LIVE REVIEW: Daniel James, Empress Of & SOHN

It’s winter in Brooklyn, make no mistake.  The lovely, mild autumn we knew only weeks ago has been replaced by bitter, brutal winds hellbent on penetrating every last layer of coats and sweaters to sink into our frozen bones.  But every season has a soundtrack; we can’t listen to beachy pop all year round.  And because humans have unwisely adapted to function through winters without hibernating, there are still plenty of shows to go to.

For those of us that brave the chill, there are rewards to be had.  You see, every once in a while, a song comes into my life at the exact moment that I need to hear it.  Everything clicks thematically, from the visions and sentiments the lyrics evoke, to musical arrangements that marry emotional and atmospheric elements completely outside the music itself.  The three bands that played Glasslands last night embodied the dark, lonesome winter I’m slowly settling into, warming it just a little.

The first of those acts was London-based singer-songwriter Daniel James, originally from Northern Ireland.  James manages to execute a huge sound as a soloist, one that similar bands enlist six or seven members to pull off.  The tracks he’s released via Soundcloud borrow from folk, gospel, and dabble in electronica.  Live though, James is left to his own devices – soaring vocals, acoustic guitar, and percussion by way of stomping on a drum pedal.  What the stripped down live set-up loses in orchestral production, it gains in soul.  In the course of providing his own backing beats, James grows so breathless he can barely sing, but his voice never falters.

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Daniel James
Daniel James mid-stomp

James has an endearing stage personality that goes beyond his accent; he is funny and gracious and warm, and the audience was extremely receptive.  There’s a weight to his songs that you might not expect based on his easy laugh and genuine smile.  For every yearning love song (and there are plenty), there’s an impassioned political call to arms or a narrative drawing parallels to the struggle of slavery.  Sonically, James owes a lot to acts like Timber Timbre or Fleet Foxes, but if his set was any indication, he’s more than able to pay down that debt, even without a full band.

James was followed by Empress Of, the moniker of Lorely Rodriguez.  Her synthy, sparkling EP Systems and a handful of CMJ appearances have generated a lot of buzz for the Brooklyn-based artist.  While Systems presents Rodriguez as a precious, otherworldly performer – the cover portrait makes her look like a Greek bust, her vocals are layered with angelic reverb  – she’s much less fragile in person.  Her quirkiness comes through in the compositional choices she makes.  Her awkward stage banter places her solidly on planet Earth.  And her voice possesses a power that’s shocking when untouched by production, approaching the complexity and strength of Bjork’s wildest shrieks.

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Empress Of
Empress Of

She mostly sticks to tweaking those vocals electronically, looping and distorting them at appropriate moments.  Accompanied by a live drummer as well as a synth player, she was otherwise free to move with her own beats, swirling her arms above her head.  Technical difficulties from her road-weary mic frustrated her slightly, but she carried on.  “This is my last show of the year,” Rodriguez explained, a note of regret in her voice.  “But that’s ’cause  I’m gonna make a record.”  She was met with excited shouts and applause from the audience, which at this point was pretty packed in.  That new album holds a lot of promise; the strongest songs she played were totally new, introduced in the last half of the set.  Gradually, people in the crowd began shedding layers, forgetting the frigid temperatures outside.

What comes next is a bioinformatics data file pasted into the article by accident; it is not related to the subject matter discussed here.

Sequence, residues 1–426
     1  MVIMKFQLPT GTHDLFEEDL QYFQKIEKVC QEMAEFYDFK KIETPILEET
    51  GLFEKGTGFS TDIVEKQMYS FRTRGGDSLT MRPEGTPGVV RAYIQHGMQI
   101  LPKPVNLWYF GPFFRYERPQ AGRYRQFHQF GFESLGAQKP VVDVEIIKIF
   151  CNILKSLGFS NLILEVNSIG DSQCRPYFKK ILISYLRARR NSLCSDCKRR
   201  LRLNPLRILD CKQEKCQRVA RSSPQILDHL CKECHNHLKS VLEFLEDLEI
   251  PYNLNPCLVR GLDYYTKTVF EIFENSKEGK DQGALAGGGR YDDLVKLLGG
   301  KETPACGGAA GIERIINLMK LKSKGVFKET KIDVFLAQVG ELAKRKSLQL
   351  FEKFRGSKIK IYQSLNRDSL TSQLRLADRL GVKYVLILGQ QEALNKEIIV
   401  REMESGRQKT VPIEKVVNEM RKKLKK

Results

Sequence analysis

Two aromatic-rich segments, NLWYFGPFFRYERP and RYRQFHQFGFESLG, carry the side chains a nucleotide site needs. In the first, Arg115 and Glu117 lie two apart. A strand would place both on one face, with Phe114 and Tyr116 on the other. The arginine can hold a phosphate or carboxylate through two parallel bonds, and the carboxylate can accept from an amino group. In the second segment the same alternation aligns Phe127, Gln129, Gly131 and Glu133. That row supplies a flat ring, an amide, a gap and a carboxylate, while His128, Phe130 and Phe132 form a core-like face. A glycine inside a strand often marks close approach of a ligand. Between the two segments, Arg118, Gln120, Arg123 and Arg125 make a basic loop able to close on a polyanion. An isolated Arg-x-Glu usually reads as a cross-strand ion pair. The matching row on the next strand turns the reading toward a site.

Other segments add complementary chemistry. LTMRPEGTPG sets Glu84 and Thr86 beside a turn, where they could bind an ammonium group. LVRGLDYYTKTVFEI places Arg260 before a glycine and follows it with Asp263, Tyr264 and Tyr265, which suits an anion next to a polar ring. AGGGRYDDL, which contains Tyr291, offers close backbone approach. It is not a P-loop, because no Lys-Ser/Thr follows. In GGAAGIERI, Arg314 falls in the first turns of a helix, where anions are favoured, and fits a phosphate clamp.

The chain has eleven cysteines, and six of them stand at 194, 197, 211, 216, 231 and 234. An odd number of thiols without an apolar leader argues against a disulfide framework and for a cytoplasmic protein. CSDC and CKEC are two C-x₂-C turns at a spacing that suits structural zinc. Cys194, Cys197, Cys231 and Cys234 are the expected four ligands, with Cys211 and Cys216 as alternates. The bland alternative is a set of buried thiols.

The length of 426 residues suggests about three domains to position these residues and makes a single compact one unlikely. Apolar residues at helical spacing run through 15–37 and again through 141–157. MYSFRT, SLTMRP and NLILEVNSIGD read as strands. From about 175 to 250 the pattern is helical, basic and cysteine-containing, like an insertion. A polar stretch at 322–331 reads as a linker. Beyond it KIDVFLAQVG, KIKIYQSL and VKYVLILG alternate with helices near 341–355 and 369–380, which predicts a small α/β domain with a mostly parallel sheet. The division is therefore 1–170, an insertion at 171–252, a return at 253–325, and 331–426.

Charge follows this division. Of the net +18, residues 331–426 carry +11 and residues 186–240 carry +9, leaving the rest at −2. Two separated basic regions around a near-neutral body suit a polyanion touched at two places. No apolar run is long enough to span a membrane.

London-via-Vienna producer SOHN kept the audience moving, but brought back decidedly heavier moods.  Having built a reputation on a sporadic stream of solid singles released on Soundcloud, SOHN is absolutely poised to release one of the best records of next year.  He’s a master of the build-up, knowing just how much to hold back, and just how dramatic a crescendo of synths can be when tethered by skittering percussion or chopped vocals.  It’s the vocals, really, that are the kicker, existing in the same realm as Justin Timberlake, How To Dress Well, The Weeknd or Rhye (who SOHN has remixed).  SOHN’s falsetto is heartbreaking enough on its own, but when it’s expressing the kinds of distress and disorientation highlighted in most recent single “Bloodflows” for instance, by repeating the forlorn line “My love my love my love don’t love me” it’s almost too much to handle.  In the next moments that line is hacked to pieces and collaged over an insistent back beat, providing relief from shared anguish.

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SOHN at Glasslands
SOHN finishing out the night

When SOHN’s set ended, the room was pulsating, but the cold was waiting outside.  SOHN, Empress Of, and Daniel James had all done their part to drive out the bleakness of the oncoming winter, and had succeeded in unique ways.  James brought heartfelt songcraft, and Empress Of’s burbling beats and virtuoso vocals, followed by SOHN’s thick synth layers were enough to thaw the frostiest showgoers.  At the same time, each act’s set was threaded through with dark underpinnings that reflect the hollowness of colder weather, either through afflicted lyrics or electronic arrangements that crystalize around a solemn motif.  Even if sunny summer jams don’t feel appropriate in November, there’s no shortage of songs that sound just right beneath our heavy blankets.[/fusion_builder_column][/fusion_builder_row][/fusion_builder_container]

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